The challenge of coastal security management is the multiplicity of maritime stakeholders who often work at cross-purposes. Narrow organisational loyalties, turf wars and reluctance to share information characterise most of them. Decision-makers in the civilian generalist bureaucracy lack maritime domain knowledge and may never have even seen a ship, let alone have been on one to sea. Further, the coastal states which have to ensure coastal security believe that this facet of national security is the Centre’s responsibility. The time has come to wield the whip as also to   incentivise the coastal states to take greater ownership of coastal security management.

The state marine police wings of the country’s 13 coastal states and union territories, created after 26/11, lack a dedicated cadre and training facilities and are the weak links in the coastal security chain. This is reflected in the Ministry of Home Affairs’ recent proposal to create a coastal border police force on the lines of the central armed police forces, which is not without attendant problems. Therefore, a decade after 26/11, the government plans to create another security organisation, which will probably take another decade to be of any consequence.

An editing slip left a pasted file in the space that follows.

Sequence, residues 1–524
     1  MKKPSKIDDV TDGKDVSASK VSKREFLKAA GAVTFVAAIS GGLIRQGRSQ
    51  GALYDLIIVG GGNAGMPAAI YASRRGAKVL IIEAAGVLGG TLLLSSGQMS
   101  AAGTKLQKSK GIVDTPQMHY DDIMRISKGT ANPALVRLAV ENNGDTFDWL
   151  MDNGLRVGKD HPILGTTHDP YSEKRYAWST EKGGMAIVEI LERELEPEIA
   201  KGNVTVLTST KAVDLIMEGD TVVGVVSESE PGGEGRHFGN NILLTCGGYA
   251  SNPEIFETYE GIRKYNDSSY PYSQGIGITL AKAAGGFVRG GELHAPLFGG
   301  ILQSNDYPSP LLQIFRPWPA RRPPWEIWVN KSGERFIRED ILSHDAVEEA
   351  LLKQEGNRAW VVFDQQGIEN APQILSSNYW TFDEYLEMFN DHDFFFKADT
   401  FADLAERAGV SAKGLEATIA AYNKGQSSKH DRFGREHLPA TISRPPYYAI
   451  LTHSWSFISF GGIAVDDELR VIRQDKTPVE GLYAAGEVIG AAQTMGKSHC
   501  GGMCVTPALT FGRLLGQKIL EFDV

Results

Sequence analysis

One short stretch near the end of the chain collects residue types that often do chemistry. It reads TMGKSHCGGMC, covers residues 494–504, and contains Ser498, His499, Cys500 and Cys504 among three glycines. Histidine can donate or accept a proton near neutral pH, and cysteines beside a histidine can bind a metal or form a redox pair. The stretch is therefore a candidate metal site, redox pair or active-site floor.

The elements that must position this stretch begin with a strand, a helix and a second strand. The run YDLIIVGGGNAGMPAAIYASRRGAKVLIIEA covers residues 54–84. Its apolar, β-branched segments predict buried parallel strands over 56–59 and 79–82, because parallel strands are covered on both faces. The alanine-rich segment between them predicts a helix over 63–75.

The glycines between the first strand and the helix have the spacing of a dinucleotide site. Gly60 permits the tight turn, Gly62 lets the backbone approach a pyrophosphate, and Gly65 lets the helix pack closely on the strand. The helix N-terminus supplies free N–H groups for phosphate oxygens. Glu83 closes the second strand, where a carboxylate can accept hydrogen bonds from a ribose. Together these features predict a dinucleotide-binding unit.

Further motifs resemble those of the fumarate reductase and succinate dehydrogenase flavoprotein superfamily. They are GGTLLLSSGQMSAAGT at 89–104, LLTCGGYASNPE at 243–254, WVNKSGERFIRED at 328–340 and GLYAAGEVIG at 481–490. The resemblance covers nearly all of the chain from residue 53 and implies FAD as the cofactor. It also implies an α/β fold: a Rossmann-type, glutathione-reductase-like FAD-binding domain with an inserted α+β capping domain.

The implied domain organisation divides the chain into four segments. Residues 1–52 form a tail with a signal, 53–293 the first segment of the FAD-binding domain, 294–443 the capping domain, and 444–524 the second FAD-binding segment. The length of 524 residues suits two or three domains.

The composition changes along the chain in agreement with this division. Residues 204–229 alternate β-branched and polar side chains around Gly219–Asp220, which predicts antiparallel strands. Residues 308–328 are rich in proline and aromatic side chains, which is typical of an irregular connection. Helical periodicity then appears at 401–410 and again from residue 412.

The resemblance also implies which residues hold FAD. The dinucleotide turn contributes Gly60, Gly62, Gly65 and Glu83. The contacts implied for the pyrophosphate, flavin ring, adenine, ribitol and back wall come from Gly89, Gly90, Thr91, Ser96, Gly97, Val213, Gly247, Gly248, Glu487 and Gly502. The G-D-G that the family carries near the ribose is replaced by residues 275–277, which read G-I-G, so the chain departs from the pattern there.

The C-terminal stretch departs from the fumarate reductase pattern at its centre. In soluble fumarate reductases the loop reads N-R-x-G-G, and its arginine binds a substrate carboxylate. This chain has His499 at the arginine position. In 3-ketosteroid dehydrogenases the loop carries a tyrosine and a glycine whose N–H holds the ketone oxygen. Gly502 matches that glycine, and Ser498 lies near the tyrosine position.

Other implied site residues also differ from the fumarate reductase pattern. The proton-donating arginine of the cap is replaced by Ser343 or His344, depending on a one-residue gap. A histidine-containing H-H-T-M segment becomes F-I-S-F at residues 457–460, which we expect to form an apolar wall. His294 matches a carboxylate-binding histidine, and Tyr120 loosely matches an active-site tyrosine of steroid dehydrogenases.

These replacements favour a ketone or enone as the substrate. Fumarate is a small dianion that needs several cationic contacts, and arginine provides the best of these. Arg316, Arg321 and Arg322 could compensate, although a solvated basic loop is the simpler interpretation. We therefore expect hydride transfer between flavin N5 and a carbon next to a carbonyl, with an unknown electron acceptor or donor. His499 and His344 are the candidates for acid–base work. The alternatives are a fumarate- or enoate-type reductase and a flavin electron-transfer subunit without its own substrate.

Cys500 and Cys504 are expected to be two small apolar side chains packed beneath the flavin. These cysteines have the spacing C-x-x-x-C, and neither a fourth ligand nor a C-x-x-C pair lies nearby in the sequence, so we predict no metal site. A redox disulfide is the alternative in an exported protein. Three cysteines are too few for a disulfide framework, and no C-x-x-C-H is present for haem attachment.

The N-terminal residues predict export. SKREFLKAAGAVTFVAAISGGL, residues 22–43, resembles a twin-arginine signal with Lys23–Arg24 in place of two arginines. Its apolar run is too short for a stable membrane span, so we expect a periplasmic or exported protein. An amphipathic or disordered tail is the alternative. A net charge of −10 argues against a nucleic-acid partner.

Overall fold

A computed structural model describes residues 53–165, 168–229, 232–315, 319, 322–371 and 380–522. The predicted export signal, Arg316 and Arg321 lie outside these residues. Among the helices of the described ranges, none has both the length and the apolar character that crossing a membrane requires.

Meanwhile, the National Academy of Coastal Policing (NACP) in Gujarat is yet to take off, as also the state marine police training centres. A draft coastal security bill 2013, prepared jointly by the navy and coast guard, delineating responsibilities between various agencies, is yet to be passed by Parliament. Hopefully, the national intelligence agencies are better structured to provide actionable coastal intelligence to the security forces.

The absence of a nodal agency and oversight body to assume responsibility and exercise authority over all the maritime stakeholders is critical. The Narendra Modi government had in 2014 proclaimed that it would establish a multi-disciplinary National Maritime Authority (NMA). However, four years later, there is no sign of the NMA. This is surprising considering that the  government has displayed an astute understanding of maritime security and has not hesitated to take tough and unpleasant decisions.

The apex national security decision-making structure has lately been revamped and the NSA, Ajit Doval, now has three deputy NSAs who report to him. These include two former police officers and a diplomat. But there is no NMA or a Maritime Security Adviser. All other measures may be in vain without leadership in maritime governance. Countries like China have reorganised their maritime governance to cope with the challenges of the seas in the 21st century. New Delhi, however, continues to flounder and does not realise that time and tide will not wait for us to get our act together.

(The writer is a former Principal Director-Naval Intelligence and has been a director in the Cabinet Secretariat)